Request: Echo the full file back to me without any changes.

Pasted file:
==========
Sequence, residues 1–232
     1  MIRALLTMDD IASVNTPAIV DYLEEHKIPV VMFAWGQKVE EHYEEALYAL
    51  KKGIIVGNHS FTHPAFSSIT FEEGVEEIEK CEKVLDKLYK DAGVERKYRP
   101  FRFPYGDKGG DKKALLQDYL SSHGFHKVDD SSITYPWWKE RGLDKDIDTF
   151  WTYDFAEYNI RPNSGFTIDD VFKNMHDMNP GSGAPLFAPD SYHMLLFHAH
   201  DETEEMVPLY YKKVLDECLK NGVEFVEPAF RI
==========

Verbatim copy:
Sequence, residues 1–232
     1  MIRALLTMDD IASVNTPAIV DYLEEHKIPV VMFAWGQKVE EHYEEALYAL
    51  KKGIIVGNHS FTHPAFSSIT FEEGVEEIEK CEKVLDKLYK DAGVERKYRP
   101  FRFPYGDKGG DKKALLQDYL SSHGFHKVDD SSITYPWWKE RGLDKDIDTF
   151  WTYDFAEYNI RPNSGFTIDD VFKNMHDMNP GSGAPLFAPD SYHMLLFHAH
   201  DETEEMVPLY YKKVLDECLK NGVEFVEPAF RI